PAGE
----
In the early 1900s, MIT was quickly outgrowing its Back Bay campus. The leaders of the Institute wanted to make a new interconnected technology complex but there wasn’t any room to do that in the Back Bay. In search of a new location, they contemplated many options, including an island in the Charles River. “We don’t need all the space we have in the Charles, so why not put an island in the middle of it,” says Karl Haglund PhD ’97, author of Inventing the Charles River.
At the time, the land in Cambridge was undeveloped, unappealing, and industrial. “So it made some sense from a Bostonian perspective to try to extend the Boston sort of consciousness out in the water,” says MIT Professor Mark Jarzombek PhD ’86.
One argument for the island was that it could house MIT’s campus and extend Boston’s residential Back Bay area and create new, valuable real estate. The proposals were modeled after European cities with islands such as the Ile de Cite in Paris. The first two proposals were submitted by landscape architect Arthur Schurcliff 1894 and the third proposal was submitted by Ralph Adams Cram, who would later become the head of the MIT architecture department. The set of 1911 proposals, submitted by Robert Bellows, included one island sketch with a space for MIT’s new campus.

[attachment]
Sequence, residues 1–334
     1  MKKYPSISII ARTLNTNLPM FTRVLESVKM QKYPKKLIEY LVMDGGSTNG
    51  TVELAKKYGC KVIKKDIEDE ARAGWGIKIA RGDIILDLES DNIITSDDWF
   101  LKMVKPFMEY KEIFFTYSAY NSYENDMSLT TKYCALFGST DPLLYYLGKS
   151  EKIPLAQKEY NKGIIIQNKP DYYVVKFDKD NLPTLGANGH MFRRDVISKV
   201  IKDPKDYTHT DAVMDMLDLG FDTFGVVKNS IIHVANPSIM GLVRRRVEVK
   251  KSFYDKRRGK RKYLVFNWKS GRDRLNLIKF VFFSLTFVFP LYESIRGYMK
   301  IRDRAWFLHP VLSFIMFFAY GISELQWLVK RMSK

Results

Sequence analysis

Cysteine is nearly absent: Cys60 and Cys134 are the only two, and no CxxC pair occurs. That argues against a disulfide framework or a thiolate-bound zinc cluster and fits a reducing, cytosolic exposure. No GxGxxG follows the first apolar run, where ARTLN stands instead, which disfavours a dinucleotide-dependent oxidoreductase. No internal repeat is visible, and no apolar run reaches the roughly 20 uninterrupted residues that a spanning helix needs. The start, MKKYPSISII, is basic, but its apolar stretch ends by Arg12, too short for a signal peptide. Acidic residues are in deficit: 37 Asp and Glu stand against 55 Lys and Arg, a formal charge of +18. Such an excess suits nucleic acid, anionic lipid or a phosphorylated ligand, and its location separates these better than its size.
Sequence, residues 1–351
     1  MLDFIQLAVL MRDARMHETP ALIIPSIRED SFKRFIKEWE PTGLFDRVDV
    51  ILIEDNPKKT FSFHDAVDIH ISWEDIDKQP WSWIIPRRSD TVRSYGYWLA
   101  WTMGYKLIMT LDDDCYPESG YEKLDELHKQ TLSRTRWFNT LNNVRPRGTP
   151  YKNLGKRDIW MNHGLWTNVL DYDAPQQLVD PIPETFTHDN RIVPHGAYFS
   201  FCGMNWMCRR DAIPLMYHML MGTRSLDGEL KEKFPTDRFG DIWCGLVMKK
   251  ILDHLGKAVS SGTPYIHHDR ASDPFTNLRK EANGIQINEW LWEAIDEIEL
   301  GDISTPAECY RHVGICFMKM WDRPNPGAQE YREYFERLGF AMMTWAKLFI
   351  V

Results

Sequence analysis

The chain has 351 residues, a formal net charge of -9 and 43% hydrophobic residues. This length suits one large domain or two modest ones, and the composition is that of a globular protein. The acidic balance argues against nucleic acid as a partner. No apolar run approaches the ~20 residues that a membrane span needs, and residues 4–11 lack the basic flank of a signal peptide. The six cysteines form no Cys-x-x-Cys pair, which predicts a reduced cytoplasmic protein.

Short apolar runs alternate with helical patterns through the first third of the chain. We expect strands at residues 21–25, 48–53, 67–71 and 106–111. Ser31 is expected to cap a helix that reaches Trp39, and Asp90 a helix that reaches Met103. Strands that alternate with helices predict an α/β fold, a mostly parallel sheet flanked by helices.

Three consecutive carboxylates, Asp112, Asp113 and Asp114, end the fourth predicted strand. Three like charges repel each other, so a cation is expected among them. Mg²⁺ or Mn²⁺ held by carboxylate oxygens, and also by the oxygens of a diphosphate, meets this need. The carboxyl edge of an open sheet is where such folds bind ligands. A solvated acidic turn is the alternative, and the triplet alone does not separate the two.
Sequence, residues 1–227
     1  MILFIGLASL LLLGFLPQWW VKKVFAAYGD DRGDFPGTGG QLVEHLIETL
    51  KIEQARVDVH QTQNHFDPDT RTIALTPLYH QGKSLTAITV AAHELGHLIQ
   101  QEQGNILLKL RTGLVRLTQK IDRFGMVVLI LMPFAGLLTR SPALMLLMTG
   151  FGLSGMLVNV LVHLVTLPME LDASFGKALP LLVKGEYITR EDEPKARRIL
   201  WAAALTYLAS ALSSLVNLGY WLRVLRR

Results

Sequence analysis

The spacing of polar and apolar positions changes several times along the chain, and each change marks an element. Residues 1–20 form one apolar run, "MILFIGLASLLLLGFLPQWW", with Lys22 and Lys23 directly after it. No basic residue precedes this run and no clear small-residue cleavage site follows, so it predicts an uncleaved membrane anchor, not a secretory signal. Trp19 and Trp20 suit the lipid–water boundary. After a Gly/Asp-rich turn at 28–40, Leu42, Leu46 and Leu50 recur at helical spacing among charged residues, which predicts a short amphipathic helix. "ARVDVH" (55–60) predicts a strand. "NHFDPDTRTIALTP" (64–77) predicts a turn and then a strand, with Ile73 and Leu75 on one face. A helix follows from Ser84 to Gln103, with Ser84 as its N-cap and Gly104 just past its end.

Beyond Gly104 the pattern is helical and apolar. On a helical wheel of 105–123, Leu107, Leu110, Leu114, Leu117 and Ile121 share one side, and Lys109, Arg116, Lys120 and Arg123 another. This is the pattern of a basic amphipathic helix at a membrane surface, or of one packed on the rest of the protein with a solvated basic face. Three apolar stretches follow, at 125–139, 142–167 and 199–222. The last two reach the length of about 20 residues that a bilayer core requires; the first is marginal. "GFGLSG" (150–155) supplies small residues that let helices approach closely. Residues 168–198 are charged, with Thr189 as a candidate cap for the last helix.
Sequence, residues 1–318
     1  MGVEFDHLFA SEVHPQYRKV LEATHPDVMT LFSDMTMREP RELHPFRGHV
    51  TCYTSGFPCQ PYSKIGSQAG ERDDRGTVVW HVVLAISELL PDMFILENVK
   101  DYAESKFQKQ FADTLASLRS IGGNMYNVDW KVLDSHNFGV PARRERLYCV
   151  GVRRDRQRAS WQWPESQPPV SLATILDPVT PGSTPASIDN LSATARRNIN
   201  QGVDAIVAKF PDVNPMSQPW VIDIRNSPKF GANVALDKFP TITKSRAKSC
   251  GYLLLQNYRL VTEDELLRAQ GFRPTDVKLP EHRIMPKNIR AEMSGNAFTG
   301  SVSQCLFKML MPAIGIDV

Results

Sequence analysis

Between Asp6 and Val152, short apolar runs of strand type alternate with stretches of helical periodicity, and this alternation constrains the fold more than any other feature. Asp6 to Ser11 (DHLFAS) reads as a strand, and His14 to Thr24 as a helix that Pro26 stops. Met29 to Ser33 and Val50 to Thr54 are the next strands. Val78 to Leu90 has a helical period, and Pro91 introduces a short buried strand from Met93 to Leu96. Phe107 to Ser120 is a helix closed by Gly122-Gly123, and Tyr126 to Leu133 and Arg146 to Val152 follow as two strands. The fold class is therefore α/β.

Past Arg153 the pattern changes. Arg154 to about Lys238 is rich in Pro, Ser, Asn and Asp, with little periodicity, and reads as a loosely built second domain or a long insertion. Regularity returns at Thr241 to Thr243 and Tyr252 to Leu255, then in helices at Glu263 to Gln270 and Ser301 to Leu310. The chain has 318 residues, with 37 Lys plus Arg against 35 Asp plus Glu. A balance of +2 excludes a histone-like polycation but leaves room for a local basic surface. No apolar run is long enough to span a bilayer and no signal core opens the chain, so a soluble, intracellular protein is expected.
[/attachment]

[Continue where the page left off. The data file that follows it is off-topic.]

Finally, in 1913 MIT bought the Cambridge land and that put an end to the island proposals.
As it turns out, the idea of islands in the Charles was only possible because of MIT’s involvement in the development of the Charles River Basin and the damming of the Charles River. Before the dam, the river was tidal. Because of the damage that the fluctuating water levels caused to the foundation of buildings in the Back Bay and the unpleasant smell emanating from the exposed mud flats at low tide, a dam was built.
James Storrow, a Harvard graduate, spearheaded the campaign to build a dam that would stabilize the water level and two MIT alumni were key in the development. John Ripley Freeman 1876, a civil engineer who would later propose a plan for MIT’s new campus, conducted what is considered the first environmental impact report on the feasibility of damming the Charles River. His report led to the approval of the dam’s construction and Guy Lowell 1894 was the landscape architect of the dam itself. With the now-stable water level in the Charles River Basin, the idea of creating a manmade island was a legitimate possibility.
Watch this video to hear more about the island in the Charles.